Join Date: Jul 2000
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Black iron tanks, such as found in the Allied Mistress, can be easily repaired by building an epoxy fiberglass liner 'inside' the existing tank, using the existing tank as the 'mold' for the fiberglass 'liner'.
For such a rebuild, you will need to cut large access holes in the top that are 'wide enough' to get inside to: extract the built-up gums and biological deposits (WEST recommends using garage floor 'degreasers' that 'absorb' the oil, etc.), then surface sanding/grinding to get the metal back to bright and with a significant amount of 'tooth' or surface roughness to the base metal. Then several layers of 4" wide FRG tape is applied across all weld zones (to reinforce the 'usual' places of leakage), followed by applying cloth to build up to ~3/16"-1/4" thick FRG for a nominal 100 gal tank and finishing with a resin-rich application. The large access holes can be closed using large (11 gage, etc.) plates that are applied to a 'studded' closure configuration (bolts affixed to the underside of the 'cut' and penetrating through the old tank wall ... you can do all of this 'sistering' by using a portable drill - drill, tap, screw-in, etc. simultaneous through the new access plate cover and the edges of the old tank). Gasketing for the new closures should be precut 'strips' of neoprene/Buna and can be obtained from the usual online industrial supply websites, then caulked/sealed with fuel compatible caulk or 'gasket compound' (Permatex).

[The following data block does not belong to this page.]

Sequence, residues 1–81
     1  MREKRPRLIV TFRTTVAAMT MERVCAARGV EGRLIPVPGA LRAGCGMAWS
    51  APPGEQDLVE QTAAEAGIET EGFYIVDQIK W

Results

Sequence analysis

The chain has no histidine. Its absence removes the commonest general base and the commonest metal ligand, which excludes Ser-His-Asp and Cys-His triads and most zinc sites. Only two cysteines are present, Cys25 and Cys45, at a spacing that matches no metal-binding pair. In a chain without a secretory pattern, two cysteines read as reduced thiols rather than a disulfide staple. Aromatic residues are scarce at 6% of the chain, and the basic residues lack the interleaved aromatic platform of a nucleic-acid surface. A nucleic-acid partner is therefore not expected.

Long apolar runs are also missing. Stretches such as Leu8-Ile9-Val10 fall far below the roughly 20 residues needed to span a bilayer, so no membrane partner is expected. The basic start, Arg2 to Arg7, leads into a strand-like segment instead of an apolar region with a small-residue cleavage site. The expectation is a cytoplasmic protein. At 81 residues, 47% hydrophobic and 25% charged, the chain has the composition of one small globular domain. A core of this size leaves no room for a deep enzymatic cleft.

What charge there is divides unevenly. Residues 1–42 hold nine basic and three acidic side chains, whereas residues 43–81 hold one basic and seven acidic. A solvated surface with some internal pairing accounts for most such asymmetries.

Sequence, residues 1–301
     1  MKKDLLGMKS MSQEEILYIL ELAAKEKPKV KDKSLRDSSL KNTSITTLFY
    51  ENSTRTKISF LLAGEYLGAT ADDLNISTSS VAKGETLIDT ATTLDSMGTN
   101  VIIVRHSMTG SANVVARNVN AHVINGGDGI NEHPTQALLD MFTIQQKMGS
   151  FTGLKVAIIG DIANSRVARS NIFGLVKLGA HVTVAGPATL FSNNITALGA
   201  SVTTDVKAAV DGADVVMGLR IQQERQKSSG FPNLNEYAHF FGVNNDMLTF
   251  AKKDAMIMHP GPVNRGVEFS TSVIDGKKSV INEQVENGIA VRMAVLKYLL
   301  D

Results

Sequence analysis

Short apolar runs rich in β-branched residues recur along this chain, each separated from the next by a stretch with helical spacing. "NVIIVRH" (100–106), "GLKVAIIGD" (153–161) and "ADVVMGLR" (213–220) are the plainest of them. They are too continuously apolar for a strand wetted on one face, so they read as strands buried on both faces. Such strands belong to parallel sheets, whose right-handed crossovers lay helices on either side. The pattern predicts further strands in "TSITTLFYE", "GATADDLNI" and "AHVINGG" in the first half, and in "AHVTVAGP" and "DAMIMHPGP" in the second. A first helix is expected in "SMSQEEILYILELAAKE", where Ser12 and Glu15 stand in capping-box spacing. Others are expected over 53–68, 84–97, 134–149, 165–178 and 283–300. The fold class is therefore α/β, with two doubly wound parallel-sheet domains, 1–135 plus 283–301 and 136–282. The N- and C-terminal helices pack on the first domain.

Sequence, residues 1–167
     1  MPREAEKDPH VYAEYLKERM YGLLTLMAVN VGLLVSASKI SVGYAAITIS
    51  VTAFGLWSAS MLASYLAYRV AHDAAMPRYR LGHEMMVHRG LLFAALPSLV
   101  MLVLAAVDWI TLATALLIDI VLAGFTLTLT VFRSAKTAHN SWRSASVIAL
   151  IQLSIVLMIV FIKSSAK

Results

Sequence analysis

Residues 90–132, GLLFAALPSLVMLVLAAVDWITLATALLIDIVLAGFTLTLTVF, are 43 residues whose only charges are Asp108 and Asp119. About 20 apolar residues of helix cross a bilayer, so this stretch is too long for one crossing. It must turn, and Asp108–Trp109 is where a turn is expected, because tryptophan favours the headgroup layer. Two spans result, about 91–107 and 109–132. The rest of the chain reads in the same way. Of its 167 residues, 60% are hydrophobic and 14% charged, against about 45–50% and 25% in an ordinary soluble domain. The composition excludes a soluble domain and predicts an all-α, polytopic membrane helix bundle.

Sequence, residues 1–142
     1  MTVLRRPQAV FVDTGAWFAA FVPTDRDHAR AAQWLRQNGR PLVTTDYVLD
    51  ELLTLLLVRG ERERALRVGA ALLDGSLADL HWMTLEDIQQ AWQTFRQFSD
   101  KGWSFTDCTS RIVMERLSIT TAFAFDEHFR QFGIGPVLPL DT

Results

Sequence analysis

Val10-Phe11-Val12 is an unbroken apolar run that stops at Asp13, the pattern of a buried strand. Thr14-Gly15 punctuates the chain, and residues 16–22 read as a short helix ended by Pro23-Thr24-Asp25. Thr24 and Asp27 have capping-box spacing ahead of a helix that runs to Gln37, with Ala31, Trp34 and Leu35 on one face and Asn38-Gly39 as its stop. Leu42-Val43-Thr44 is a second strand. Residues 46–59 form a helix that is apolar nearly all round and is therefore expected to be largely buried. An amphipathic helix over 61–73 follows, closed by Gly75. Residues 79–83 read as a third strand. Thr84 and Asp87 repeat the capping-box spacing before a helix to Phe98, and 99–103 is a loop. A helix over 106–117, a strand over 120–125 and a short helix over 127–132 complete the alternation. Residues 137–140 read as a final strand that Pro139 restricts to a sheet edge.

Such is almost as durable as a new tank, doesnt require the removal of the old tank, and is vastly cheaper (your time is 'free') than a new tank. Only special consideration is that the liner be completely free of pin holes, etc. as fuel (& water and microorganisms) leaking between the FRG and the old tank walls will 'accelerate' any corrosion. Some tank builders will use a 'spark test' to validate the integrity of any installed 'liner'.
The WEST SYSTEM 'projects' website has quite a few 'fuel tank liners' illustrated and explained. Such 'FRG liners' should NOT be used for water tanks ... due to the organic emissions from the FRG.
hope this helps.